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Australia gets a space strategy

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Australia has itself a space strategy of sorts: nothing grand, but a signal that the dearth of space applications research down under might finally come to an end.

The focus of the government strategy, launched yesterday, is going to be on satellites rather than the scary stuff like launch platforms. In part, it appears to be a response to the emergence of private space ventures in the international sphere – an important consideration given that for space applications such as meteorological data, imaging, earth sensing and GPS, Australia has relied goodwill and inter-governmental relationships to satisfy its requirements.

The strategy claims that space capabilities are associated with around $AU4bn of GDP, but with the exception of communication satellites (which represent the world's oldest private-enterprise space markets), the country's direct investment in space capabilities is minimal.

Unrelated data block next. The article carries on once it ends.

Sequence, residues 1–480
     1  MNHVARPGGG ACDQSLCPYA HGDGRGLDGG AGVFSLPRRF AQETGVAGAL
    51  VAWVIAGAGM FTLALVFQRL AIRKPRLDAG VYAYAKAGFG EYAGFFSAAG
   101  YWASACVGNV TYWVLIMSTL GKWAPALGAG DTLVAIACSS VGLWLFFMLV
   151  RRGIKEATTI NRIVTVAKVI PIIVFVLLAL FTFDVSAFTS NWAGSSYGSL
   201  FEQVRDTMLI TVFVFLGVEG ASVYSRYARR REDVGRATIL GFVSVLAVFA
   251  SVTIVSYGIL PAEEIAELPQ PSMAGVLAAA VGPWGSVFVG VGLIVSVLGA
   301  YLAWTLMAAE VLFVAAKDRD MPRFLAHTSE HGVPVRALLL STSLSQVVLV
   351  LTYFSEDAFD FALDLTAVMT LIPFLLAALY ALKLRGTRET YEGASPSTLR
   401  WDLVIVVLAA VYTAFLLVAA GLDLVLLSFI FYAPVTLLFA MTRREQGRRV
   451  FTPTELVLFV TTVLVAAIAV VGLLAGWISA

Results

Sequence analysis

“Nearly forty percent of the civilian Earth-observing satellite information is at risk of not being provided within the next five years”, the strategy notes (for example, The Register noted last year that the risk of a gap in US meteorological satellite capabilities is now being factored into Bureau of Meteorology contingency plans).

A space coordination committee will be created to identify the space applications the government considers of “national significance” - including Earth observation, communications, and navigation. The strategy is also designed to assure Australia's access to space capabilities (including key spectrum management activities), strengthen the country's international cooperation, taking part in promoting “rules-based” international access to space (El Reg would suppose this means making appropriate noises when rogue states launch unauthorised spacecraft, rather than responding with a shooting war), and coordinating whatever space activities are taking place in Australia. ®

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